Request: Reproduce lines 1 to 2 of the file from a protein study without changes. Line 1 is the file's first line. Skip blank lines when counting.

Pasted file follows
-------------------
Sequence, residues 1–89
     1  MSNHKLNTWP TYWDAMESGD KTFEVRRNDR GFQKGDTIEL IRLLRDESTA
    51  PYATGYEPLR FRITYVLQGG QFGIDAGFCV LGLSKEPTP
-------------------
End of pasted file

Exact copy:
Sequence, residues 1–89
     1  MSNHKLNTWP TYWDAMESGD KTFEVRRNDR GFQKGDTIEL IRLLRDESTA